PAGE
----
The police also tried to take another demonstrator, Dr Riaz of Karachi University, into custody but the demonstrators resisted and the university teacher had his eye-glasses broken in the scuffle that followed. Two activists who were taken into brief custody were Javed Iqbal Burki of Human Rights Commission of Pakistan and Aslam Martin of the Idara Amn-o-Insaf. The demonstration was organized to press the governments of India and Pakistan to defuse tension at the borders, sit across the negotiating table and solve all their problems through dialogue. The organizers had planned that after holding the banners, inscribed with peace messages, for some time, they would light the candles and later disperse peacefully. This was the second such demonstration, the first one was held at the Press Club last week.

Dawn - 1st January, 2002

Demo against growing war hysteria - By Our Staff Reporter

KARACHI, Dec 31: A large number of people staged a demonstration at the Press Club on Monday to protest against the growing war hysteria between India and Pakistan. The participants of the demonstration, organized by the Citizens for Peace, called upon both the governments of India and Pakistan to settle their disputes without going to war. They said that it had been proved time again that all major conflicts that had resulted in war had been settled through negotiations ultimately. They said that though both the countries were poor, they had been spending a major chunk of their budgets on non-developmental expenditure, such as defence, and that was why they could not spend much on the health and education sectors. They urged both India and Pakistan to exercise reason and restraint, reduce tension at the borders and solve all their disputes through peaceful dialogue. They urged both the governments to control fanatics in their countries who were fanning the flames of discord between both the neighbouring countries. They said that like-minded people under the banner of "People for Peace" were also organizing similar peace rallies in Lahore and Mumbai (India). They said that in Lahore, members of a Joint Committee, an umbrella organization of some 30 groups, planned to meet at the Press club and then proceed with white flags to the Wagah Border where they would light torches for peace.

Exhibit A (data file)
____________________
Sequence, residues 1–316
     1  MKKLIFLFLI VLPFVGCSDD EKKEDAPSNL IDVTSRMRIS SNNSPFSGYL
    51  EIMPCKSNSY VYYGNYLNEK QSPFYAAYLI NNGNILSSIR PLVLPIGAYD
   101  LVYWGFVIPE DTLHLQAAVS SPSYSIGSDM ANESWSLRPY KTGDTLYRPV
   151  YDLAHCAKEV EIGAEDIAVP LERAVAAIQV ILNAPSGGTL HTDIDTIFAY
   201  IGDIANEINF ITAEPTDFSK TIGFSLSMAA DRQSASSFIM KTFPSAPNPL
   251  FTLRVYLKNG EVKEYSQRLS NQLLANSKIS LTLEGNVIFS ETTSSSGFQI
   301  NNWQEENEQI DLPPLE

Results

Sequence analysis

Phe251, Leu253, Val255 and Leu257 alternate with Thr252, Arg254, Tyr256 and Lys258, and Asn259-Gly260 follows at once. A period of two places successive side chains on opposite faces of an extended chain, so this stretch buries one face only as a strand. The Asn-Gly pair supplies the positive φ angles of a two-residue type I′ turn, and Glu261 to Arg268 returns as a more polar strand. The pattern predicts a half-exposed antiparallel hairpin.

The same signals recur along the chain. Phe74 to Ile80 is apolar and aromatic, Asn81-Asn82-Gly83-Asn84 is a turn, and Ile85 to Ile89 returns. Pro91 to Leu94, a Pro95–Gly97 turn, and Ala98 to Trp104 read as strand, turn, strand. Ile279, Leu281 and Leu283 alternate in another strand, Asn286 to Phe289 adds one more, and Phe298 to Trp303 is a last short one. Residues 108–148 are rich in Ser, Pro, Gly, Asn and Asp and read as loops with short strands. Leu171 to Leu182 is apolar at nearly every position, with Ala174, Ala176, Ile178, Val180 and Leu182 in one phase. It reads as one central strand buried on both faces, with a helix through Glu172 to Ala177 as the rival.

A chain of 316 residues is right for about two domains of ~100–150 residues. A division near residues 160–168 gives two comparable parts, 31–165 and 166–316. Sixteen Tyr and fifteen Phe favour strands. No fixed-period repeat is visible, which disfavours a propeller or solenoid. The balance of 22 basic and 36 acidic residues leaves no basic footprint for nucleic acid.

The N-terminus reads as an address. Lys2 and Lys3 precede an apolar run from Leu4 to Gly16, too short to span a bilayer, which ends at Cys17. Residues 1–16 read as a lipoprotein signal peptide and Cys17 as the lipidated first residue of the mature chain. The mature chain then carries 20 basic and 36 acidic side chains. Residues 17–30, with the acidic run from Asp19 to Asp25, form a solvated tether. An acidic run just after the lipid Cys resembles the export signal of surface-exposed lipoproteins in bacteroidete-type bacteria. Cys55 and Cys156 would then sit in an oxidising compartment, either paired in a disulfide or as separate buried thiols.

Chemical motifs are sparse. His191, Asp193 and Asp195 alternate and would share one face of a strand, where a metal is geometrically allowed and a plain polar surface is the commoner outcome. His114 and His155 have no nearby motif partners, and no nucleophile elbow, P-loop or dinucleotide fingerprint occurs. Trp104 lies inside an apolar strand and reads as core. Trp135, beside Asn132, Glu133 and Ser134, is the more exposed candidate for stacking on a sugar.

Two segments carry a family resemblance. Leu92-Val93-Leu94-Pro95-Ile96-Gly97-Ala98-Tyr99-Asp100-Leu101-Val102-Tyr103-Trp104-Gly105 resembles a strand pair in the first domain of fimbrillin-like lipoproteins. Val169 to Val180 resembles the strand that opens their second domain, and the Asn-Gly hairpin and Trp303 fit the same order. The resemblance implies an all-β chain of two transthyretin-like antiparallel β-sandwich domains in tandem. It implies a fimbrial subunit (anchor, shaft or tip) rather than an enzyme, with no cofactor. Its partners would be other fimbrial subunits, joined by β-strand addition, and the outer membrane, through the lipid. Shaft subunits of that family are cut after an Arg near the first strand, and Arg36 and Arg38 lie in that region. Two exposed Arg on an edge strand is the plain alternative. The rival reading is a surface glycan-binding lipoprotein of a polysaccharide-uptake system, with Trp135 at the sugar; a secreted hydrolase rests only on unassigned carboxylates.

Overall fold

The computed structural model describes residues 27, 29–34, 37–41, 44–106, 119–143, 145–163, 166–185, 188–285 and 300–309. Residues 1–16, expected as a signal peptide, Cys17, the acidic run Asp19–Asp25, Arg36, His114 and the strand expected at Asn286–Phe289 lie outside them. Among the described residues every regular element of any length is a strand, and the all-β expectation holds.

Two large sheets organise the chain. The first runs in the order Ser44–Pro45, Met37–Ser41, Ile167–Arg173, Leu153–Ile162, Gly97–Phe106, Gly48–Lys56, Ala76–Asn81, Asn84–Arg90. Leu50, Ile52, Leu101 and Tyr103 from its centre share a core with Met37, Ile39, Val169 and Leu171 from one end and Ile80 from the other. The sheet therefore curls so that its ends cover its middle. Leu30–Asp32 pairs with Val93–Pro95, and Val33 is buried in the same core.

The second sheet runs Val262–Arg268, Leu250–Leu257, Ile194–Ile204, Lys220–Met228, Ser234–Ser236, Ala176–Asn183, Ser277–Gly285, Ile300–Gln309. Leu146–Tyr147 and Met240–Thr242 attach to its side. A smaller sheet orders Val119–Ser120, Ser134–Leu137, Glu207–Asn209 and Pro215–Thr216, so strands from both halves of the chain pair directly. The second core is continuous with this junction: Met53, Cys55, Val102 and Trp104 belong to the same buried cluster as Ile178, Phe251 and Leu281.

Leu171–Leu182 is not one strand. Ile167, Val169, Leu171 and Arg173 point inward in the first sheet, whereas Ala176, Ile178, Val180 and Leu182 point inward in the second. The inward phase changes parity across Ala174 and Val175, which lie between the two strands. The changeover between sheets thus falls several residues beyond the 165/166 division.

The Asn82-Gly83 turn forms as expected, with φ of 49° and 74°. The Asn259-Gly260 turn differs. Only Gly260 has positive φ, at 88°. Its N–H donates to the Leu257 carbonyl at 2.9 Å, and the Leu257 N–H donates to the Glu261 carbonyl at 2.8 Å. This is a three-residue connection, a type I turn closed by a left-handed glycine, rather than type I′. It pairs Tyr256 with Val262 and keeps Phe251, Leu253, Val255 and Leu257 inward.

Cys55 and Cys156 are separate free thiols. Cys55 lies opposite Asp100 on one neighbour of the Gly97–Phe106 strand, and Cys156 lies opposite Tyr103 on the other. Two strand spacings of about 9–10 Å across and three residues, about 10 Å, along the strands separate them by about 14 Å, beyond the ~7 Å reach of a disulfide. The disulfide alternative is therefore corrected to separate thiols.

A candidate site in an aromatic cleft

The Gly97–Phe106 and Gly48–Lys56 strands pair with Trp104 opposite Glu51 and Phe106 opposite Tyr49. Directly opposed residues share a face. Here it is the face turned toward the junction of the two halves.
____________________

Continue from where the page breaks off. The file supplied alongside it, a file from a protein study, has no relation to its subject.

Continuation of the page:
Most participants were wearing white - colour of peace - and carrying banners with slogans in support of their demand for peace. A signature campaign was also launched and all the demonstrators signed the signature rolls. They also asked the passers-by to take part in the signature campaign. Some of the banners read: "We want bread and not bomb"; "Give us education and not war"; "Stop sabre rattling"; "War does not determine who is right - only who is left" etc. Later, the demonstrators, with burning candles in hands, began a peace walk from the Press Club to the Fawara Chowk. Representatives of various organizations, including the Women Action Forum, War Against Rape, Human Rights Commission of Pakistan, Aurat Foundation, Pakistan India Forum for Peace and Democracy, Labour Party of Pakistan, Helpline Trust, Pakistan Crescent Youth Organization, etc, took part in the peace walk.

Dawn - 4th November, 2001

Daily Khabrain - 4th November, 2001